Thursday, June 29, 2006

Not World Cup Related

Ah, Deutschland...

There is so much to say, so many little things, so many observations, thoughts, and occurences, but it's difficult getting them all down at once.

What I have been doing:

I went to the Bodensee on Monday and Tuesday, and I had a really great time. The Bodensee borders Austria, Switzerland, and Germany, and tons of small, quaint towns surround it. What I continue to adore about Europe is the towns and all of the small shops that you can find. I also love the many fruit and vegetable stands, the multitude of delicious bakeries, and how everything is so close.
Sophia and I visited Marie, who hails from Quebec City, and who is currently working in Immenstaad, a beautiful small town on the Bodensee. It was great seeing her again. The three of us walked through towns all afternoon and then eventually made it to Meersburg. We had a delightful supper of smoked fish and an apple wine (which I enjoyed in an old man glass). I also found some cinnamon ice cream, which was beyond yummy, and which I scarfed down in no time. We finished the night off back in Immenstaad, at the pub where apparently all the young people go, over a Wein Schorle, watching the soccer game between Ukraine and Switzerland. We talked, laughed, and basically did the whole "be merry" thing justice.
The next day, Marie had to work, so Sophia and I headed to Konstanz, a beautiful town very close to Switzerland. We biked to Meersburg then took the ferry from Meersburg to Konstanz, our bikes in tow. We explored the city a little, but once we stumbled upon the lavish church, it was hard to really see much more. We spent quite a bit of time in the old church, and I took quite a few pictures. We then wandered around the streets for a bit, poked our heads into some funky shops, bought a pretzel, and then it was time to head back. The Bodensee is really very beautiful, and I would recommend it to anyone for a summer place to vacation or visit.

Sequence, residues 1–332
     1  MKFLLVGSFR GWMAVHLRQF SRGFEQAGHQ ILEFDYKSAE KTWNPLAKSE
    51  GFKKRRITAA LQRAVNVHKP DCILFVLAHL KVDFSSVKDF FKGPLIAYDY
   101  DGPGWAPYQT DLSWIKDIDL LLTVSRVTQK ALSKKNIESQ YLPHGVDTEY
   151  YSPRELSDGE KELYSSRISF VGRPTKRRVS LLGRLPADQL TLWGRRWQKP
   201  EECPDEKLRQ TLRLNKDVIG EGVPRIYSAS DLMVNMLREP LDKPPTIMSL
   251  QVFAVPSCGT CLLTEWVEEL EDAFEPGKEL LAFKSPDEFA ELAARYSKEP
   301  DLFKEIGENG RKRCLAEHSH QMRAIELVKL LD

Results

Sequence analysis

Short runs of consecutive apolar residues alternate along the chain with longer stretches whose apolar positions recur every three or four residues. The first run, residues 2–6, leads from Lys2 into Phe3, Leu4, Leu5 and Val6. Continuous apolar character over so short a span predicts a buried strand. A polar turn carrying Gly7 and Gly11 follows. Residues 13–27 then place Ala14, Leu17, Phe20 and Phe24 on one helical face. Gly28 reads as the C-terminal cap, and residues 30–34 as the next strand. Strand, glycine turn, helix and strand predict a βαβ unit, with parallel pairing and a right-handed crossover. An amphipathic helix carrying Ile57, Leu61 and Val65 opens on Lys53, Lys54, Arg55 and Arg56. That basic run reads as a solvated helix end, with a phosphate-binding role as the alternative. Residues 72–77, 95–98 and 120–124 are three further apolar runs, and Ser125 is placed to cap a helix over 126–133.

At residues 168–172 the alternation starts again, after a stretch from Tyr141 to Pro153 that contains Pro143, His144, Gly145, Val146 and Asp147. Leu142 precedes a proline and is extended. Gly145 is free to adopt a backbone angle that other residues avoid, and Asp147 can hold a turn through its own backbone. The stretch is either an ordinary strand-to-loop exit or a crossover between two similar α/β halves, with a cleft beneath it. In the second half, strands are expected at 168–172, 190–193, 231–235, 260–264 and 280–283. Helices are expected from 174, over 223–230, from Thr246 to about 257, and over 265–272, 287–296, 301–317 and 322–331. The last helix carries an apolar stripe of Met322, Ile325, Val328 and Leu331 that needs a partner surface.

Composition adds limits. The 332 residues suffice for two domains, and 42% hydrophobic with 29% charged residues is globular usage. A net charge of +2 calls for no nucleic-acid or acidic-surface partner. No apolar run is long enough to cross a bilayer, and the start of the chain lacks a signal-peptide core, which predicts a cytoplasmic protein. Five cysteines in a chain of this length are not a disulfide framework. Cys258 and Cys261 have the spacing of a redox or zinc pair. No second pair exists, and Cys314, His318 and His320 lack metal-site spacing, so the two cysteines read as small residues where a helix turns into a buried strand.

We spoke French the entire weekend, as Marie is francophone, and Sophia grew up with both languages. It was so strange speaking French, considering the last month, I have been training myself to think, react, and talk in German. Suddenly, pulling out this language again caused a whirlwind of three languages in my head, and now I have to wonder how Mom does it so (seemingly) effortlessly.

What I have been thinking:

Ah, the people, the people... it is strange the way people party here. When I was at the big Rosshaupten's 800th anniversary concert, it seemed like no one was really letting go. Everyone seemed stiff, and it seemed like they were constantly aware of how they were being perceived by others. When I was talking to the Peru guy who works at the cafe with the piano, he also said that he felt that Germans could be very cold and not really the party type. I can almost agree. Even the way the people danced at the concert was strange. The dancing reminded me a lot of dancing that you see in movies of the 70s and 80s, except without the girls shrieking. Their dancing was more of a funny sway.